The Second Department, reversing Supreme Court, determined plaintiff had raised a question of fact whether defendant police officer, Breen, was in fact involved in an emergency operation at the time she collided with the car in which plaintiff was a passenger. Therefore there was a question of fact whether the ordinary negligence principles, as opposed the reckless disregard standard, applied:
“[T]he reckless disregard standard of care in Vehicle and Traffic Law § 1104(e) only applies when a driver of an authorized emergency vehicle involved in an emergency operation engages in the specific conduct exempted from the rules of the road by Vehicle and Traffic Law § 1104(b). Any other injury-causing conduct of such a driver is governed by the principles of ordinary negligence” … .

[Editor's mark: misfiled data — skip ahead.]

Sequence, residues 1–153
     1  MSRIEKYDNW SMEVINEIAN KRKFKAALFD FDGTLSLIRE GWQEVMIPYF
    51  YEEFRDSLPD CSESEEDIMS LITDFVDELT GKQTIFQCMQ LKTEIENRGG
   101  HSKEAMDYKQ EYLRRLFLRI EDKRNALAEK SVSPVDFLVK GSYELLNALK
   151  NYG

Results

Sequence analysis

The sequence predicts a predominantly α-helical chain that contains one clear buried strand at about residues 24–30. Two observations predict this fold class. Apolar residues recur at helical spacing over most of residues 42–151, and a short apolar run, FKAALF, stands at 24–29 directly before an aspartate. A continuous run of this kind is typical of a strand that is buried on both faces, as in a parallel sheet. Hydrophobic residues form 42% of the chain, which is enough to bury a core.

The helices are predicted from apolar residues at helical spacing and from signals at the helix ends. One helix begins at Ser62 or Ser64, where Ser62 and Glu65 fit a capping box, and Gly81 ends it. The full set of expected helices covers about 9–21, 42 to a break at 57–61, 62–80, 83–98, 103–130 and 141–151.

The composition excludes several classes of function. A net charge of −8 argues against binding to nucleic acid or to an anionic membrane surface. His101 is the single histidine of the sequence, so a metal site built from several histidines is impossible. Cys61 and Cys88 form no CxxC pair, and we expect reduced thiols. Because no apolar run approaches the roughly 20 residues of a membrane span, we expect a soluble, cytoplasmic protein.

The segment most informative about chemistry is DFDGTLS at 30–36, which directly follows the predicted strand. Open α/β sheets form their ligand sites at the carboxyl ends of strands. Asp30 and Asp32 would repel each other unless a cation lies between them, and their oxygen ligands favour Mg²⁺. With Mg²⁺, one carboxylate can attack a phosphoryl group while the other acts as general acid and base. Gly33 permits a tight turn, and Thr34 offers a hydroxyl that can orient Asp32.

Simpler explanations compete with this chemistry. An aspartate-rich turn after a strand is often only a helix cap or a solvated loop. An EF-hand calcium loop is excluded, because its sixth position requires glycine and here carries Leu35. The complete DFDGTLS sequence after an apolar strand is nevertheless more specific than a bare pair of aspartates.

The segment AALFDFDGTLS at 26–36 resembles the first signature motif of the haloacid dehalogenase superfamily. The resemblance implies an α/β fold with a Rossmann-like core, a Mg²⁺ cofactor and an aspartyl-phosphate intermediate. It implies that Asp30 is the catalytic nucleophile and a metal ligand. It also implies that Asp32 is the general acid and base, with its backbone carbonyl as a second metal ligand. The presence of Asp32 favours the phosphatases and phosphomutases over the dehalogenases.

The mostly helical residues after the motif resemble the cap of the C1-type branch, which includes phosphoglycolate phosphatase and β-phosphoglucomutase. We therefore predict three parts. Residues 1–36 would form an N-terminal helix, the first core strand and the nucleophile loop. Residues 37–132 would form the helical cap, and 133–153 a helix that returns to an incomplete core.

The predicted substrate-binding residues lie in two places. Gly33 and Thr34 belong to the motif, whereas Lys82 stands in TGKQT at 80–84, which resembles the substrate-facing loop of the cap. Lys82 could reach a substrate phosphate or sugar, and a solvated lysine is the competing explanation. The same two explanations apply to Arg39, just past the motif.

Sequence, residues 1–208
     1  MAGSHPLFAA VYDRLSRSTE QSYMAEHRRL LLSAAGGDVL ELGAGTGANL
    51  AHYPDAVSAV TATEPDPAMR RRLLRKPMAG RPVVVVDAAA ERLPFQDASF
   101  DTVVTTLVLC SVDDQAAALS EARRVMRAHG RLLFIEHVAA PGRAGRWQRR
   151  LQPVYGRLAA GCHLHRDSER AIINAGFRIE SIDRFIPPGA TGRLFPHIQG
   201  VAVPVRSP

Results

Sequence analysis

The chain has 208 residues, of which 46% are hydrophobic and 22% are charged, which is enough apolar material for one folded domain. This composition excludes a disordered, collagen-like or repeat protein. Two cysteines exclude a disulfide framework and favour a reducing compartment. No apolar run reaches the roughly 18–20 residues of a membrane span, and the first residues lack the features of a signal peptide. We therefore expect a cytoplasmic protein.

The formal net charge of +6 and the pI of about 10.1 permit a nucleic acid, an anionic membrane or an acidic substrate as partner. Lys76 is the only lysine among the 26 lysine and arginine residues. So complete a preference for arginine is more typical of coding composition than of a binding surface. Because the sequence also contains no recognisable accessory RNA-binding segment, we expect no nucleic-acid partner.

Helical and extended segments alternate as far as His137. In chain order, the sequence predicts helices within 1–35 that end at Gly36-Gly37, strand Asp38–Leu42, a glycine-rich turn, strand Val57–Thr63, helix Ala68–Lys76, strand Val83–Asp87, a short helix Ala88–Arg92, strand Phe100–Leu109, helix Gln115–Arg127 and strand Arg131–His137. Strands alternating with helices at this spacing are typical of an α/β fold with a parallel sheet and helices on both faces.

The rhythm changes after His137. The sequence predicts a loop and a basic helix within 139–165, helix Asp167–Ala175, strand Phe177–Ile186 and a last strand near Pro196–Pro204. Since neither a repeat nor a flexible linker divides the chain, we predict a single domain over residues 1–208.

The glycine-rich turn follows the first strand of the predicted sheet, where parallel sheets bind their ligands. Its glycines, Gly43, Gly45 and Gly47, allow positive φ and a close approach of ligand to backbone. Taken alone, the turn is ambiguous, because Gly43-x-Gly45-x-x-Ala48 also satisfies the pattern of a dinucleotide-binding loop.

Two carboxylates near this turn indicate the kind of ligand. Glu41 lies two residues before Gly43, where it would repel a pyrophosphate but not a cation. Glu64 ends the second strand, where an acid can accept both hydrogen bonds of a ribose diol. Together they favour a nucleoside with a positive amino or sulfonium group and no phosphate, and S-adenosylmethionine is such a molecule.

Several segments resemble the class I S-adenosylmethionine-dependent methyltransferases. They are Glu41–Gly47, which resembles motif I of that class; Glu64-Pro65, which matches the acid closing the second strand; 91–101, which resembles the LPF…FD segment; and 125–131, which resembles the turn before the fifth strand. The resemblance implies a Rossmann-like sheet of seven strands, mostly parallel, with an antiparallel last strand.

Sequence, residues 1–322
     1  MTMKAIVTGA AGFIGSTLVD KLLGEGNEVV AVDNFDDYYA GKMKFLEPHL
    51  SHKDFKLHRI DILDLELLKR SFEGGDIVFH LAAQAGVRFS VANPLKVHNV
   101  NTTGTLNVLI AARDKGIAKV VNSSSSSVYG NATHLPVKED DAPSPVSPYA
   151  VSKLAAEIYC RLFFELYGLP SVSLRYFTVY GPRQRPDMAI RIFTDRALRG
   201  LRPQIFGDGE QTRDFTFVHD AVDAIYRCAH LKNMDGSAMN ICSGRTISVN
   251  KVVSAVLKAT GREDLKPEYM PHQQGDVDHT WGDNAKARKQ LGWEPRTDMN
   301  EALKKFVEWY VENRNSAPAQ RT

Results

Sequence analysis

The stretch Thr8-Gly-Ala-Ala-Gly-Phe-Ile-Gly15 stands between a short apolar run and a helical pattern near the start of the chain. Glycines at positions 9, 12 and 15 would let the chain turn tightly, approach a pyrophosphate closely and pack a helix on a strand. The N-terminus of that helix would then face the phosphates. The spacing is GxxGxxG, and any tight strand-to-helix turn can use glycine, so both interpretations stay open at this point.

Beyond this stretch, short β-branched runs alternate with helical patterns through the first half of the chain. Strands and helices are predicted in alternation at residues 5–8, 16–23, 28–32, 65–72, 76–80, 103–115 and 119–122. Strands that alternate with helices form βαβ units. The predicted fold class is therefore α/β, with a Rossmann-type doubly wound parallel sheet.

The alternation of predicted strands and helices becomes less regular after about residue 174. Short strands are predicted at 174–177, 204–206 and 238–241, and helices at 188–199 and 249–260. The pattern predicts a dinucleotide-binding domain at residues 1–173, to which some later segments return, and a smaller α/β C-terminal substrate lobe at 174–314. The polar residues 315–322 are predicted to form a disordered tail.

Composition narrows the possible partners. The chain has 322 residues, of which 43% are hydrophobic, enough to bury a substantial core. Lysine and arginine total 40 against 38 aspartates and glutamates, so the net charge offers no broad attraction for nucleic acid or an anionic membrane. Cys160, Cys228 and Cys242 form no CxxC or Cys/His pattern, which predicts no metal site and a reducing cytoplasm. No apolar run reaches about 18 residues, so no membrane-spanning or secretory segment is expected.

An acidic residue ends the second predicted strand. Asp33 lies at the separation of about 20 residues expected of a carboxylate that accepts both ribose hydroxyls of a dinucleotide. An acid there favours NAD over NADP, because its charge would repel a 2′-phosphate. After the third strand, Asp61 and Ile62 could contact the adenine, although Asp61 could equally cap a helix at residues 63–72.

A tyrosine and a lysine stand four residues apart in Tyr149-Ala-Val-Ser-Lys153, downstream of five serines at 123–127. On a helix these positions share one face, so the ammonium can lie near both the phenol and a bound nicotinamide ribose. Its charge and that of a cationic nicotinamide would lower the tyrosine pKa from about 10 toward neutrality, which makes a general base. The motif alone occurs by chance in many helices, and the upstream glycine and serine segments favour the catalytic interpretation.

Here, the defendants established, prima facie, that a negligence standard of care was inapplicable to Breen’s conduct, through the submission of evidence establishing that Breen was responding to another officer in need of assistance when she entered the intersection against a red traffic light and collided with the plaintiff’s vehicle … . In opposition, however, the plaintiff raised triable issues of fact as to whether Breen was in fact responding to the other officer’s call at the time of the accident and, therefore, whether the negligence standard should apply … . Modica v City of New York, 2021 NY Slip Op 02287, Second Dept 4-14-21